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Biohydrogen Production through Fermentative Technology

Algae hydrogen productionThe human race since its inception has been faced with the dilemma of fulfilling its energy requirements. It has led to economic competition and in extreme case scenarios, even wars. Hydrogen gas has always remained a promising option for fulfilling the energy requirements. However, currently hydrogen production suffers from many hurdles such as high economic costs, technical limitations and difficulty in storage. Hydrogen is present abundantly in nature but not in its natural form and is found as compounds such as water, methane and biomolecules.

The use of hydrogen as a future energy fuel holds great promise because it is a clean fuel (generates only water vapour and energy). Another advantage is that it has the highest energy content per unit weight- 122 kJ/g and is environmentally safe(Das & Veziroglu, 2008).

Photosynthesis and fermentation are the chief biological methods of hydrogen production with fermentation process clearly holding an advantage over the latter in having better rates of hydrogen production and the option of utilising different wastes.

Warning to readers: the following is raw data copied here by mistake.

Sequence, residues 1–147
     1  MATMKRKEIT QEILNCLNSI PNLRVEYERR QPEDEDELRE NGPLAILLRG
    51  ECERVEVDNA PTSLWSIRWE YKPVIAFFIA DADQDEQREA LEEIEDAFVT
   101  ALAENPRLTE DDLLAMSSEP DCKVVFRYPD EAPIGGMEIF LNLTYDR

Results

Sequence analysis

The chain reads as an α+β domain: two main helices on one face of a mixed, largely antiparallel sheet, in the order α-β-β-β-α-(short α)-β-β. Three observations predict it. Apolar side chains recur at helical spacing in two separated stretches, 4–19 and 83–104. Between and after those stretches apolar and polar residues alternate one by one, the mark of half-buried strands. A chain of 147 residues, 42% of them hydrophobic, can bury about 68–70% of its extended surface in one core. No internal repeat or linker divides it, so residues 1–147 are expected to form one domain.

Mark D. Redwood et al. 2009 have reviewed and suggested using a combination of micro-organisms for maximising H2 production(Redwood, Paterson-Beedle, & Macaskie, 2008).

However, present processes are neither economically viable nor the yield is sufficient for large scale economic applications. Another potential disadvantage pointed out sometimes is that hydrogen is a dangerous fuel but so is gasoline if not handled properly and hydrogen can serve as a safer fuel if treated with care (Pudukudy, Yaakob, Mohammad, Narayanan, & Sopian, 2014).

Hydrogen can be produced by the following processes-

Non-renewable (fossil fuel) technologies include SMR (Steam Methane Reforming). SMR is currently the commercially viable method suitable for hydrogen production(Lam & Lee, 2011).

The SMR reaction can be depicted by the following equations(Lam & Lee, 2011)-

CH4+H2O⇔CO+3H2 ΔH=+206kJ/mol.

CO+H2O⇔CO2+H2 ΔH=−102kJ/mol.

From renewable sources, hydrogen can be produced via two major pathways- light dependent and light independent. Light dependent pathways include direct and indirect photolysis and photo-fermentation while indirect pathway includes dark fermentation. These processes are briefly presented in Table 1